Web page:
The Association of Southeast Asian Nations (ASEAN) is taking an important step on its journey of economic growth and development at the end of 2015 that started nearly two decades ago—the full implementation of the ASEAN Economic Community (AEC).
The AEC seeks to capitalize on the region’s accelerating economic growth, social progress and cultural development, along with its rapidly growing middle class population and potential to grow as an industrial powerhouse.
The AEC is designed around four key components that are inter-related and mutually reinforcing:
- A single market and production base
- A highly competitive economic region
- A region of equitable economic development
- A region fully integrated into the global economy
The International Monetary Fund (IMF) projects in 2015 ASEAN’s gross domestic product (GDP) in purchasing power parity (PPP) will be US$6.9 trillion or 6.11 per cent of global GDP. By 2020 this is projected to be US$9.8 trillion, or 6.57 per cent of the global total. The middle class is estimated to grow to 163 million households, with a combined annual economic value of US$1 trillion. As the number of those households grows, the region is expected to need US$60 billion a year over the next decade to fully address its infrastructure needs. (1)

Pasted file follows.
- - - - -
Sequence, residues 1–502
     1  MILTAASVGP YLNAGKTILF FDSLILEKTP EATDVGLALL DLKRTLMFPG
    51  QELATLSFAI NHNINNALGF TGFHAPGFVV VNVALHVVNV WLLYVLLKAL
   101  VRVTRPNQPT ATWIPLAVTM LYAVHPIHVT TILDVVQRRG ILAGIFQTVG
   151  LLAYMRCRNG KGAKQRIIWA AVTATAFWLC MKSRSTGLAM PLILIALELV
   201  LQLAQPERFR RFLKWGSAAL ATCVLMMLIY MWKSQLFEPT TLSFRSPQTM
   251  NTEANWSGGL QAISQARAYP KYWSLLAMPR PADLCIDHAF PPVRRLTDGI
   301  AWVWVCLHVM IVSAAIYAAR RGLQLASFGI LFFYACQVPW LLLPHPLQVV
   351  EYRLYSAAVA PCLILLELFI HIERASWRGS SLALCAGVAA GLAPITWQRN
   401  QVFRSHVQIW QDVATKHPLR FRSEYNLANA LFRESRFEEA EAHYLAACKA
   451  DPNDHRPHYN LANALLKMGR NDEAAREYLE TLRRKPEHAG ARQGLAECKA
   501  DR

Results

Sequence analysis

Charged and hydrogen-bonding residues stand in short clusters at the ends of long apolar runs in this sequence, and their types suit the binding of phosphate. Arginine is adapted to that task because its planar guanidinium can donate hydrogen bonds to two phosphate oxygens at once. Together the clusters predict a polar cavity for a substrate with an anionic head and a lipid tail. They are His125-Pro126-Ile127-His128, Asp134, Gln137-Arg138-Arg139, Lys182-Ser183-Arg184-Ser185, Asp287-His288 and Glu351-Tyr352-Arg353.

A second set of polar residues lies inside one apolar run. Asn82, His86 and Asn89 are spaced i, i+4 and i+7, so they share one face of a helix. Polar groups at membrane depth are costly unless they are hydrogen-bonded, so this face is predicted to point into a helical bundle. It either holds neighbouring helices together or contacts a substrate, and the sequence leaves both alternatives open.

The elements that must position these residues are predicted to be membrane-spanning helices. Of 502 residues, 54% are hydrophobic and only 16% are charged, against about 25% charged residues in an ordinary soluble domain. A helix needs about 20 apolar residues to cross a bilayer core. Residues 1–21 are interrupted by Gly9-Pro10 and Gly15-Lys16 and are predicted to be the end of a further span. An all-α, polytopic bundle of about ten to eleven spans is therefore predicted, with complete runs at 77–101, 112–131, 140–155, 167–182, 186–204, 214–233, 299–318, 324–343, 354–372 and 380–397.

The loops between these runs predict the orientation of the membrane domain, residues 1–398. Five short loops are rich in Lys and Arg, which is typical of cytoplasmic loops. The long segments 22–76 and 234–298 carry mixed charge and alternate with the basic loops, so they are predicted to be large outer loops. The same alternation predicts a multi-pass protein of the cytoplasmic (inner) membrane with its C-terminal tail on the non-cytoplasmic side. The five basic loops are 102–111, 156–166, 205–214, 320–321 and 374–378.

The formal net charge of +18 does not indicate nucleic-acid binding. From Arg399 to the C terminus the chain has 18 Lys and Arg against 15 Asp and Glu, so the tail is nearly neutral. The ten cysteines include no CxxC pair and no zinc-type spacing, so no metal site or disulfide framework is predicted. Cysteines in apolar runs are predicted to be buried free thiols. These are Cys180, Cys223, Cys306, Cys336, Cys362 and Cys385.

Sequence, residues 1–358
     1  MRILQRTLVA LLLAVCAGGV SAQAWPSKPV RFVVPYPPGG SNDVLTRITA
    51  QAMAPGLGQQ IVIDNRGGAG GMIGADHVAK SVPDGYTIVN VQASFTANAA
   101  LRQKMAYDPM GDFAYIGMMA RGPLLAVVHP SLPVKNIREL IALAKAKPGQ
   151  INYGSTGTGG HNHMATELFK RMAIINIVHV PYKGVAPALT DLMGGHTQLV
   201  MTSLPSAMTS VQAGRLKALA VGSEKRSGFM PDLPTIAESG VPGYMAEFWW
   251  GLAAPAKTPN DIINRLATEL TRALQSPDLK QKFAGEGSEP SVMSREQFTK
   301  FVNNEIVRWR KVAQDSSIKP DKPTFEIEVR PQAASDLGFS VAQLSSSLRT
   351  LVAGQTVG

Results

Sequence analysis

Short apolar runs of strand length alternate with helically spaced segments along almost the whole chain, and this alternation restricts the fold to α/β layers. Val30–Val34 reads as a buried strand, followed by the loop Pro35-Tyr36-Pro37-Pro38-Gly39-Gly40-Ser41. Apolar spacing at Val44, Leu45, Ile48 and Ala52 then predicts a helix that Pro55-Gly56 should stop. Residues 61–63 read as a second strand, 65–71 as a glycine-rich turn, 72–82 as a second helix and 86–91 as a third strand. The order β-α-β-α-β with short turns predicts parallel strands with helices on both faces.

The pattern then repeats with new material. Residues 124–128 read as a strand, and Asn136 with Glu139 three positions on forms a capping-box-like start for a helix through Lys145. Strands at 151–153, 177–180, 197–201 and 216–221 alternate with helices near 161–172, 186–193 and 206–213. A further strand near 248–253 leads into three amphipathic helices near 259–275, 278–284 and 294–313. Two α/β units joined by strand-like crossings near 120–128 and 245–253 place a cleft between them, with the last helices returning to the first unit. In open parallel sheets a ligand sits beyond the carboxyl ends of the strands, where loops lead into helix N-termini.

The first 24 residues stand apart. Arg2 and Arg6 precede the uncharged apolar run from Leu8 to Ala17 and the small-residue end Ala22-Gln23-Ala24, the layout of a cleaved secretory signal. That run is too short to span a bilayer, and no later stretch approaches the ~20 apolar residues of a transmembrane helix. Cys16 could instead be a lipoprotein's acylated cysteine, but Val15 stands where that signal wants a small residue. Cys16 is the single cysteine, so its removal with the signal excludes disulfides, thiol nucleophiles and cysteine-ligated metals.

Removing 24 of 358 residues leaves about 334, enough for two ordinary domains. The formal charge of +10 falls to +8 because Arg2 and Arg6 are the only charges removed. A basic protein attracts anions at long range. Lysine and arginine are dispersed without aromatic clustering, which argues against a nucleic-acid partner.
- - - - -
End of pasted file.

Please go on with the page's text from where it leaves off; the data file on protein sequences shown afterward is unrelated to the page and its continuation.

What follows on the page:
ASEAN Sells to the World: Exports
Core to its single market pillar is a commitment to the free flow of goods and services both within the AEC and to international markets. ASEAN export values to the world in 2014 stood at US$1.3 trillion, with intra-ASEAN exports making up 26 per cent of those exports. Canadian exports to ASEAN grew from C$2.7 billion in 2004 to C$5.6 billion in 2014. ASEAN trade in services has grown by 143 per cent in the past decade, even taking into account the brief dip due to the global financial crisis. With the anticipated growth of the ASEAN economy, Canada can expect to expand its exports in both goods and services to the region.